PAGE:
Sam, of ‘Sam’s Mets Blog’ fame, attended The Lawrenceville School for the last two years of his secondary education. At some point during the summer, an alumni e-mail list yielded an offer to attend a Yankees game with other alumni for what seemed to be a minimal cost—being generally interested in New York sports, particularly of the baseball variety, passing up this offer seemed foolish. After some consideration, I actually decided that watching a team that I despise while listening to a bunch of ageing preppies discuss their golf games and trying not to get Bud Light all over their polo shirts was an experience that I could take a pass on, and never mailed them a check. But they sent me a ticket anyway, and I decided that I might as well go.

Indeed, from the outset of this adventure, a basic similarity struck me between the Yankees and The Lawrenceville School. Both of them seem like some aging gambler who has spent the last thirty years stacking the deck, and yet somehow manages to believe that their continued winning is a result, not of the actions that they took to alter the odds in their favor, but of their skill at the game. The Lawrenceville School attracts rich kids, and provides them with an exceptional education and a resume that colleges drool over; if they somehow manage to succeed in life it is because of the strength of character that was instilled in them by the school. The Yankees get the best/most expensive free agents that they can, and win due to the discipline and pride that comes with the pinstripes.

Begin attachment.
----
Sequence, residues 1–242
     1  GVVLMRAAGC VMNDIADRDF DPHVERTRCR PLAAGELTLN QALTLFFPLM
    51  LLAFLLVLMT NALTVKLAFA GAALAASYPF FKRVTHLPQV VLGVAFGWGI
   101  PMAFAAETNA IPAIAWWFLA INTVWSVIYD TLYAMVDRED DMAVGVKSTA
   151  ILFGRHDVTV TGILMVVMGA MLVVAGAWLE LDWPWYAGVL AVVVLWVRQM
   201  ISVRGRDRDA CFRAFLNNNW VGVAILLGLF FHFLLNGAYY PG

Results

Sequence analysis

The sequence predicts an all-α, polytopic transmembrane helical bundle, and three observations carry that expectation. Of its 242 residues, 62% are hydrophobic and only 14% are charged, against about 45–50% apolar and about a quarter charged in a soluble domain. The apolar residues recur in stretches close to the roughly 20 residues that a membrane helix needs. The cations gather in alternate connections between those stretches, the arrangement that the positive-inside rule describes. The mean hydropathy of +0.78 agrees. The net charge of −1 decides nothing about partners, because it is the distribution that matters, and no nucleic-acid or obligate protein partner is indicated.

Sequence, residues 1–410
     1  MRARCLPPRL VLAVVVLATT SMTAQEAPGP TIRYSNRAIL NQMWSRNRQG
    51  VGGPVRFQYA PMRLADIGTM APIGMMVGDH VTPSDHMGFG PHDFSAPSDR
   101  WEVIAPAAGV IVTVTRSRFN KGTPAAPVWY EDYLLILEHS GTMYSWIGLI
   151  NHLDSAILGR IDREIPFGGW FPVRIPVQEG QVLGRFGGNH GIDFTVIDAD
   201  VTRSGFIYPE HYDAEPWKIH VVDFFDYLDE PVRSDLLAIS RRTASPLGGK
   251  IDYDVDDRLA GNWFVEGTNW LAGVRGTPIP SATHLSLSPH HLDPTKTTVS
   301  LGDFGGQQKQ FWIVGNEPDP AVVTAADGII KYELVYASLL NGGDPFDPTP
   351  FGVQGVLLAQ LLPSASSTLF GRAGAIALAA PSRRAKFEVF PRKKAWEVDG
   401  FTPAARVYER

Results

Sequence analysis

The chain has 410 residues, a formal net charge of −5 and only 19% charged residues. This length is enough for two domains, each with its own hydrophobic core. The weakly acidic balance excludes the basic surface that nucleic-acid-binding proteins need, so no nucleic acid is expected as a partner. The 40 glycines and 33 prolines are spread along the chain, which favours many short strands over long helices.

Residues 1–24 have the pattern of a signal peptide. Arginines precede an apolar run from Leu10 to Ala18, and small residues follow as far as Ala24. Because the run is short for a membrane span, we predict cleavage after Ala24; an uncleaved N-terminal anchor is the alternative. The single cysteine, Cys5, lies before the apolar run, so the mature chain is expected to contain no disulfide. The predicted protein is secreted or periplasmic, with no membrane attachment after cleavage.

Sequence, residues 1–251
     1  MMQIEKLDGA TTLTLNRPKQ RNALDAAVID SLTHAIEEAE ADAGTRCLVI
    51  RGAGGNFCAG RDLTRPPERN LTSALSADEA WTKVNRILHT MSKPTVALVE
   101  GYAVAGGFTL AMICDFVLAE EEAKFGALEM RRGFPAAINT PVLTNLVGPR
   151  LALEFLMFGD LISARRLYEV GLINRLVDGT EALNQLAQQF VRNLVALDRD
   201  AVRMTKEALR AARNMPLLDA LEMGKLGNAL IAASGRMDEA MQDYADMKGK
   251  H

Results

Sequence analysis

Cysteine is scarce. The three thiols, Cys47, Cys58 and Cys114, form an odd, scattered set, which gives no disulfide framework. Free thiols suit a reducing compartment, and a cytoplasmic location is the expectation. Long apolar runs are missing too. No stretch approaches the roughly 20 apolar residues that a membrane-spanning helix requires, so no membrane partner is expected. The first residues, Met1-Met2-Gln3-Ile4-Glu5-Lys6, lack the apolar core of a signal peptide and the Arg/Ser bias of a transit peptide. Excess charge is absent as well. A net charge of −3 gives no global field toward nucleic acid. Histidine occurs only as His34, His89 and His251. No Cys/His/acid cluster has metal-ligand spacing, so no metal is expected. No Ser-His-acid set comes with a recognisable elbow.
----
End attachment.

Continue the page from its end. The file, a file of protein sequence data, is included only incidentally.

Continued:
Shea seems like a quaint and antiquated appendage of the military industrial complex, and I am not exactly prepared to offer any excuses for it, but it is, at the very least, quaint and antiquated, and, quite frankly, a little bit crummy: the neon baseball-playing stick figures on the outside belong very clearly to a graphic style not entirely current, the banners of great Mets that hang in the concourse around the stadium seem musty and dated. The whole thing seems like it belongs more in the province of whimsy and World Fairs: junior is merely in the boy scouts, at this point, and if that will eventually take him to Vietnam, well, that is on the horizon, and not specifically the spectacle that we are presented with.